Coping with rare smooth brain
Symphonya Turua sits silently in her custom-built supportive frame as her three siblings laugh and play around her.
The 3-year-old tot can't join in but the expressions that spread across her face indicate she's taking in all the action and activity.
Symphonya was born with a rare condition called lissencephaly, or smooth brain.
Her brain has no folds and was caused by nerve cells not moving to their permanent locations during the early stages of pregnancy.
The Avondale youngster can't walk, talk or sit up, and requires round-the-clock care.
Mum Lesina Turua, 35, says learning of her daughter's condition was "devastating".
"I thought maybe I had done something during the pregnancy - I was very emotional," she says.
"But it wasn't a genetic trait, just something random that happened."
Symphonya's one of about 20 Kiwi children with smooth brain and upon her diagnosis, Turua and her husband Karika struggled with the lack of support and information available locally.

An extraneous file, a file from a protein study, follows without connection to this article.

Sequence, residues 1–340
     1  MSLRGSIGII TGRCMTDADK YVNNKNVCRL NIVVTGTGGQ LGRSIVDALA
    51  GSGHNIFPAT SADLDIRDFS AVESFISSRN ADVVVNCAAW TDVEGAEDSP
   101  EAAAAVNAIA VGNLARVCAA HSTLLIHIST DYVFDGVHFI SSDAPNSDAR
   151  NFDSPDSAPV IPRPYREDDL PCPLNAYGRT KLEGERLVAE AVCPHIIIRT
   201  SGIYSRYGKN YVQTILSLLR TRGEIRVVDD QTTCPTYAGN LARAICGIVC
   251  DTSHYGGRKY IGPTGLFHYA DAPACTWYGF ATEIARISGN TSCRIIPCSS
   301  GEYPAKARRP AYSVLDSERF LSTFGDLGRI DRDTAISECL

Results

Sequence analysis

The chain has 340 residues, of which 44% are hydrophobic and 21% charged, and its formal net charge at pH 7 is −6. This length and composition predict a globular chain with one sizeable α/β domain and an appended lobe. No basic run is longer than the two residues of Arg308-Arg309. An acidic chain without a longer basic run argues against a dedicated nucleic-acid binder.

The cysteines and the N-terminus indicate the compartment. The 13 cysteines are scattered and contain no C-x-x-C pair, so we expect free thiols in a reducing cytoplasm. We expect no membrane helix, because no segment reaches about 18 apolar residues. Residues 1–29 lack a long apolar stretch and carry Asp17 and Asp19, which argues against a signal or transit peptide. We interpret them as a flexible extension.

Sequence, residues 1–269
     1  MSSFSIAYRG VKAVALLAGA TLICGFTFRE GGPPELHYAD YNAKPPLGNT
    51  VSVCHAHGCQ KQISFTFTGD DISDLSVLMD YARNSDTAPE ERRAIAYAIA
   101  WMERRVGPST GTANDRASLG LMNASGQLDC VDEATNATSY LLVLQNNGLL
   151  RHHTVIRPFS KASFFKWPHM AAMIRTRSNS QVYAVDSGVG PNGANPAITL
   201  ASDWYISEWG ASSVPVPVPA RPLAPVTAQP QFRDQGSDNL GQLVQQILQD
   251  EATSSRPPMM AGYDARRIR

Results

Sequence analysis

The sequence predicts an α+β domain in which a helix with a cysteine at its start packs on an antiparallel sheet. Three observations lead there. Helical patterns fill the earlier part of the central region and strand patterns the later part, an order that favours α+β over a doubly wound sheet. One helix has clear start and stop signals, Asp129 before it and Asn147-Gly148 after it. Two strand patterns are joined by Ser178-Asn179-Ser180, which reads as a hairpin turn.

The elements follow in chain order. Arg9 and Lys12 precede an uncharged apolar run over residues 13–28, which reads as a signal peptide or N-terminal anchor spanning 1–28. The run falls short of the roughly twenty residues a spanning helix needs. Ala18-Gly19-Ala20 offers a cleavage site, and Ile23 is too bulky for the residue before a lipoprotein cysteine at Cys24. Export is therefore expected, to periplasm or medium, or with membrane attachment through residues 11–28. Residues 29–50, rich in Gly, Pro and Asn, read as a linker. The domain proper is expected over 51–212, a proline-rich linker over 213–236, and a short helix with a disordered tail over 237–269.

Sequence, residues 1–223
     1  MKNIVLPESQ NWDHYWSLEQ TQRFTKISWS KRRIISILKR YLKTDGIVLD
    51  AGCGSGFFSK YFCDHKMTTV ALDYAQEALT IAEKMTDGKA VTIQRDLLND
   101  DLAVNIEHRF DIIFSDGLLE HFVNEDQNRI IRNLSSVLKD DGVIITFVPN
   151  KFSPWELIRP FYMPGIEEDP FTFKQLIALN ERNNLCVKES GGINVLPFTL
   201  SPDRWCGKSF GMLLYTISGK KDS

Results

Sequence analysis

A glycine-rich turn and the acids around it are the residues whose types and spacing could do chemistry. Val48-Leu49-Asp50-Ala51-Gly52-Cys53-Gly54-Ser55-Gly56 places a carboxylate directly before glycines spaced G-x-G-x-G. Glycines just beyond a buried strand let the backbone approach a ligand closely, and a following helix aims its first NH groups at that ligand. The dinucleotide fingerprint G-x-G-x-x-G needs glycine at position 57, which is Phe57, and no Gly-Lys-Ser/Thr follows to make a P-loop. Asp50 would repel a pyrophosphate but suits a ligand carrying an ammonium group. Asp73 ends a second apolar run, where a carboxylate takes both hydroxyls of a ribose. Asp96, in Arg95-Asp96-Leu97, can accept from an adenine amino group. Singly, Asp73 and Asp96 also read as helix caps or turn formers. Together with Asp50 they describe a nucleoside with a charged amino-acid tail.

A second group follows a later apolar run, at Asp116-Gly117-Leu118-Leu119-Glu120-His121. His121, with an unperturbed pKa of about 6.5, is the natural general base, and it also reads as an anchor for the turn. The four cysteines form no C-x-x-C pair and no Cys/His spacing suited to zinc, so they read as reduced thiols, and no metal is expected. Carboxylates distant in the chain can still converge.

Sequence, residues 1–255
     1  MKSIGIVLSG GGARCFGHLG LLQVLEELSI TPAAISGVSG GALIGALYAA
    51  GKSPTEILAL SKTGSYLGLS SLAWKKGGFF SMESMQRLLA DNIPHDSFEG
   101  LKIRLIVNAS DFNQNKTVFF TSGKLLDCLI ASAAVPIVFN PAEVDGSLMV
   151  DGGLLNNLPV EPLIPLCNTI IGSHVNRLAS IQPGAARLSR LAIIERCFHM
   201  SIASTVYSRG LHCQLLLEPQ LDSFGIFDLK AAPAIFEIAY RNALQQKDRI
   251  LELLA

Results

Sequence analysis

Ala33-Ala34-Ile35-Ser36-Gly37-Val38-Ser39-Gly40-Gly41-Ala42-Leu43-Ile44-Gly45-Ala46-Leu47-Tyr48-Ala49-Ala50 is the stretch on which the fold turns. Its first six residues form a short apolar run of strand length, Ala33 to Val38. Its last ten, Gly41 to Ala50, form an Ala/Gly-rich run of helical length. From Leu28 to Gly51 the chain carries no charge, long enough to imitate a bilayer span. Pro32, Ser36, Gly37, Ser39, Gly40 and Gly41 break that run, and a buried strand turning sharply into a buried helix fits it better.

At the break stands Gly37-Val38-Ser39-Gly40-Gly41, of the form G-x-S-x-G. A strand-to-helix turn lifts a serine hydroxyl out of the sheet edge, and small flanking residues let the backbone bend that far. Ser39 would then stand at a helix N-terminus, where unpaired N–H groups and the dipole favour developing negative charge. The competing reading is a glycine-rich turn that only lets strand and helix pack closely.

They took to communicating with other families, some from overseas, via social media sites like Facebook.
The pair hope to start up New Zealand's first support group where other families affected by the condition can communicate and offer advice.
"It will be a place for parents to vent, support each other and share what works and doesn't work for them," Turua says.
"They might be doing something that we haven't tried and that would be really beneficial for Symphonya."
Specialists initially said Symphonya would live to be about two years old but medication and advanced equipment has increased her life span to about 10 years, Turua says.
Symphonya is fed liquids and daily medication through a feeding tube and requires regular speech language, physio and occupational therapy.
Attending special needs daycare Homai is one of her favourite activities.
The Turuas are taking each day as it comes and are enjoying every moment spent with Symphonya.
"She's already defied the odds and at the end of the day we're huge believers in just simply loving our kids," Turua says.
"It makes a big difference to their quality of life."